Liver surgery remains the most effective method for treatment of hepatic malignancies. However, only a small proportion of these patients are candidates for liver resection. Systemic and regional chemotherapy provides only a slight survival improvement. Thermal ablation of liver tumors represents another option of treatment, based on local extreme hyperthermia [1,2]. Unfortunately, high rate of local recurrences is the major drawback for this otherwise safe procedure [3,4]. It is known that effects of hyperthermia on liver and tumor tissue are not homogeneous. Tissues are irreversibly damaged by high temperatures in the coagulation zone close to the thermal electrode where necrotic processes are initiated. The extent of injury decreases with distance from the heat source. The socalled transition zone is situated afar off the thermal electrode and is characterized by the less pronounced histological lesions of affected tissues. The local tumor recurrence is associated with this particular area. However, activation of apoptosis in this area was demonstrated [5], that might eventually lead to mortification of tissue in the transition zone. Apoptosis is ultimately dependent on energy and mitochondria play a major role supplying ATP required for the development of cell death [6]. Even mild hyperthermia (42–45 °C) strongly decreases efficiency of oxidative phosphorylation in cardiomyocytes [7], and in mitochondria isolated from heart [8] and liver [9,10,11]. Under stress conditions mitochondria can release proapoptotic proteins therefore their energy status is also important in triggering and regulating of apoptosis [6,12]. The aim of this study was to investigate how hyperthermia affects mitochondrial functions in hepatocytes within the experimentally modeled transition zone. In the earlier studies on the response of liver mitochondria to hyperthermia only the direct heating effects (i.e., changes induced by increased temperature of the medium for the measurement of respiratory functions in isolated mitochondria) were evaluated [9,10,11]. In contrast to previous reports, we estimated functions of mitochondria isolated from the liver tissue immediately after it was subjected to 15 min of hyperthermic perfusion. This allows to detect irreversible changes in mitochondrial performance induced by the hyperthermic tissue treatment, therefore such approach is more relevant for understanding the processes occurring in the liver tissue affected by thermoablation or other modes of hyperthermic treatment. Moreover, we combined experiments on subcellular, cellular and tissue levels aiming to gain more complete understanding about possible contribution of mitochondrial injury to changes in hepatocyte viability, cellular and tissue energy status. Therefore an additional purpose was to estimate how hyperthermia-induced changes in oxidative phosphorylation correlate with energy status of the liver cell and liver tissue as assessed by changes in the content of ATP and other adenine nucleotides in isolated hepatocytes and perfused liver. For modeling situation in the transition zone we used perfusion of rat liver with medium pre-heated in the range of temperatures characteristic to tissue in the transition zone (up to 52 °C) [5].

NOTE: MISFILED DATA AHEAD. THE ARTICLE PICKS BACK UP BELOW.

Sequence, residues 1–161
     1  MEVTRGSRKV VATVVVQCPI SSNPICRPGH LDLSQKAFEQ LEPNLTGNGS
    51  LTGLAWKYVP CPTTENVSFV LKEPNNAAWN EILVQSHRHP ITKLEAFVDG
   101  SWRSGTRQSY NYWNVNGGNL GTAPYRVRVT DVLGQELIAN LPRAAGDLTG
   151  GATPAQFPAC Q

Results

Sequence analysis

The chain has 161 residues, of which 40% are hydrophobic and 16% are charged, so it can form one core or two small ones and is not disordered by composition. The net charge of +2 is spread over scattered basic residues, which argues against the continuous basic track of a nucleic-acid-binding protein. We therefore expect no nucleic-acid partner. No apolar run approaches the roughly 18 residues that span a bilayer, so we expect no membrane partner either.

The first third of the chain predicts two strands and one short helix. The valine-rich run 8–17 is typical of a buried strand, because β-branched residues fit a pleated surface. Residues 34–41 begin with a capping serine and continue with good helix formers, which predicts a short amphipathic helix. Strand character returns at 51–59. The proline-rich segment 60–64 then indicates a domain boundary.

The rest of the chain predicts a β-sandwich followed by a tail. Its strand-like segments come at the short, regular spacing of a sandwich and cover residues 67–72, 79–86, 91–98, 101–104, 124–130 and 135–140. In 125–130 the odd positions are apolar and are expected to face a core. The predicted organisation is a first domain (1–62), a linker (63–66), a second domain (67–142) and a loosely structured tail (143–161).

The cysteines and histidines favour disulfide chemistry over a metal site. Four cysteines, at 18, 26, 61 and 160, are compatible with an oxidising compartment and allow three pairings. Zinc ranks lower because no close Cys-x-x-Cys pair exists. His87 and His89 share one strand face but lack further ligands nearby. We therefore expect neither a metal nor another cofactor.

2. Materials and methods

2.1. Animals

The experiments were carried out on mitochondria isolated from the perfused liver of male Wistar rats. The permission No. 0155 was obtained from the Ethics Committee of the laboratory animals’ usage at the Lithuanian State Food and Veterinary Service. The animals were acclimated to 22 °C and a 12-h light–dark cycle (lights on at 08:00) and had free access to water and a standard chow diet.

2.2. Materials

All reagents used in this study were analytical grade obtained from Sigma–Aldrich (Taufkirchen, Germany) except for tetrabutylammonium bromide obtained from Acros Organics (New Jersey, USA); pentobarbital, from Vetoquinol (Buckingham, UK); ketamine, from Gedeon Richte (Budapest, Hungary); and HPLC-grade acetonitrile and chloroform, from Scharlau Chemie (Sentmenat, Spain).

2.3. Liver perfusion